MoreLIP: The Quarterly Venture Capital Routine
04/17/2010 — George Lipper, WBT Showcase
April offers up more than blossoming cherry trees, Boston tea parties and never-say-die Chicago Cubs fans. It’s also the first quarter report of venture capital investment performance, which tends to reinforce the old saw that the more things change, the more they stay the same.
According to the Money Tree, unveiled last week, reporting venture capitalists (which is not all of them) announced first quarter investments of $4.7 billion, a little less than the previous quarter and more than the same quarter last year. The investment total largely stayed well within the parameters of what the forecasters predict as the new norm, a more consistent investment level into the future.
Regardless of the changes overall, California and Massachusetts still combine to consumed more than 60% of all the investment dollars and more than half the investment deals, which, of course, also means the other 48 states and DC are consigned to share less than 40% of the available investment capital.
New York (5%), New Jersey (4.7%) and Washington State (3.6%) round out the top 5. A scattering of other stories in today’s Lipper Current convey the relative joys (not many) and disappointments in their respective states.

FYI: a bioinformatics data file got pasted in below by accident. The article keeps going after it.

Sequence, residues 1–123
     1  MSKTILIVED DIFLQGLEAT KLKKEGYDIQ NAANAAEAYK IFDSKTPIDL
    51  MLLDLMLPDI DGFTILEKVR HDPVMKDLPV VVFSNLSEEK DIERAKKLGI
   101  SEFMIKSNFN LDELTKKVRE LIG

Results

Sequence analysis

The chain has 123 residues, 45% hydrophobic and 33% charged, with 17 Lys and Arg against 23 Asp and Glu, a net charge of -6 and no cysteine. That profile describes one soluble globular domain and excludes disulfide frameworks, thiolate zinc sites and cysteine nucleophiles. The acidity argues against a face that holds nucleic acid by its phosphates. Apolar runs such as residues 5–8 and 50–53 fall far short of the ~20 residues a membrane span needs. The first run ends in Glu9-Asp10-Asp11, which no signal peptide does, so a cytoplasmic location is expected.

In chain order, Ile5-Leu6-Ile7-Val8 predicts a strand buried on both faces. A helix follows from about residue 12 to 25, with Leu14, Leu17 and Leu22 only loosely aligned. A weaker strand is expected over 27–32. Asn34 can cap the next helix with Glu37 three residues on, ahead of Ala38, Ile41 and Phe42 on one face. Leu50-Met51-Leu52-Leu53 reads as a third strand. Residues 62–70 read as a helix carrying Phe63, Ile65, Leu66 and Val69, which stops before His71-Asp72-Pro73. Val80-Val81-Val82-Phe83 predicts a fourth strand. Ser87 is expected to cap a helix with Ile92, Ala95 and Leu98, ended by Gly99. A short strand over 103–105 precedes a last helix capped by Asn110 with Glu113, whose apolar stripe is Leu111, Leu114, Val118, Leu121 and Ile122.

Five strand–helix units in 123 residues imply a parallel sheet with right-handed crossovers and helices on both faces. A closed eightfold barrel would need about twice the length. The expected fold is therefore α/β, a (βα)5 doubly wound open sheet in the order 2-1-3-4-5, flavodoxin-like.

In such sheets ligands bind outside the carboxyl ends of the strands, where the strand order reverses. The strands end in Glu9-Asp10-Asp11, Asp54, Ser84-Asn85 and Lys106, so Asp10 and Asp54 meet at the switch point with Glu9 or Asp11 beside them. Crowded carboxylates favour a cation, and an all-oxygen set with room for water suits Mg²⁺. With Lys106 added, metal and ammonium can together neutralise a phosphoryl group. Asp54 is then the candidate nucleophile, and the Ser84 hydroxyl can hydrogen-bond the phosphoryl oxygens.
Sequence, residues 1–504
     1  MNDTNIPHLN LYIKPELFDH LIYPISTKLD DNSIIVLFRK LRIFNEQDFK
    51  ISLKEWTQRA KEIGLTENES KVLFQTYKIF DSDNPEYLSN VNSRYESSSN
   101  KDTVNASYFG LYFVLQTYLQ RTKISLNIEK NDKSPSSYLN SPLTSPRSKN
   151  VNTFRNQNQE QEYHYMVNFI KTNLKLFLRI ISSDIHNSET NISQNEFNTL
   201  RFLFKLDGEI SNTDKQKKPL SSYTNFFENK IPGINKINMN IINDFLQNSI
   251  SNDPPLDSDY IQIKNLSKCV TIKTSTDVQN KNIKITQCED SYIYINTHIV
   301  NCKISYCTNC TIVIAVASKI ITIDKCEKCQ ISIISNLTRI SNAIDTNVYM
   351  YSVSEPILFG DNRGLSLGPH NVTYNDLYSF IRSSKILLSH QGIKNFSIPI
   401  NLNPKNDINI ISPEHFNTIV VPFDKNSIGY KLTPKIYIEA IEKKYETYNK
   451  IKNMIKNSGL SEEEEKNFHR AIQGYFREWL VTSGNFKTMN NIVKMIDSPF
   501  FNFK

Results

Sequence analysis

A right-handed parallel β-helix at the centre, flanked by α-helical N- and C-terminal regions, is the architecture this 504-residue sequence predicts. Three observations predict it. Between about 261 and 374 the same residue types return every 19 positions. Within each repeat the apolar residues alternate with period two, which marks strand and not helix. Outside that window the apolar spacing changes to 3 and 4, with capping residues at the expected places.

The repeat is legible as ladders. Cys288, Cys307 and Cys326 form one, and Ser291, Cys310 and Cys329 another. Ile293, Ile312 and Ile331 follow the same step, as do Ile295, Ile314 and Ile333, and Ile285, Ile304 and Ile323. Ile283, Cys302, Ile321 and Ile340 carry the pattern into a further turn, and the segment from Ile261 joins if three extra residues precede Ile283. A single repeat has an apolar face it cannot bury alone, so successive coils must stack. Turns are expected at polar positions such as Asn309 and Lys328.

As in the past, with the kind assistance of the National Venture Capital Association, PricewaterhouseCoopers and Reuters, we have a state-by-state list of investments for your perusal.
Eight states reported no investments: Alabama, Idaho, Maine, Mississippi, North Dakota, Nevada, S. Dakota and Vermont. Five other states recorded investments, but without enough money to break 1/10th of 1% of the total: Iowa, Kentucky, Montana, Tennessee and Utah.
Of course, no quarter, not even multiple quarters, can foretell much about the direction of venture capital investing in the US. While the quarterly reports provide some interesting talking points, in truth they are really a passing view. The fresh edition of the Money Tree in 2010 does restate that the same states attract roughly the same share of venture funding as in other quarters, including those that trail the pack. These reports are also subject to voluntary participation by venture capital firms, which, as good as they are, are nonetheless incomplete. The best guess I've heard is about 70% involvement.
One of the divisions of the report that I find encouraging is increased allotment of of funds invested in the seed/startup and early stages of investing. I can only speculate about why, but it may be that the growth of angel investing has created more competition for attractive startup.
That said, I recommend you read the excellent report (posted elsewhere in this week's newsletter) on the importance of size, written by Jason Liou and published by SVB Financial Group: here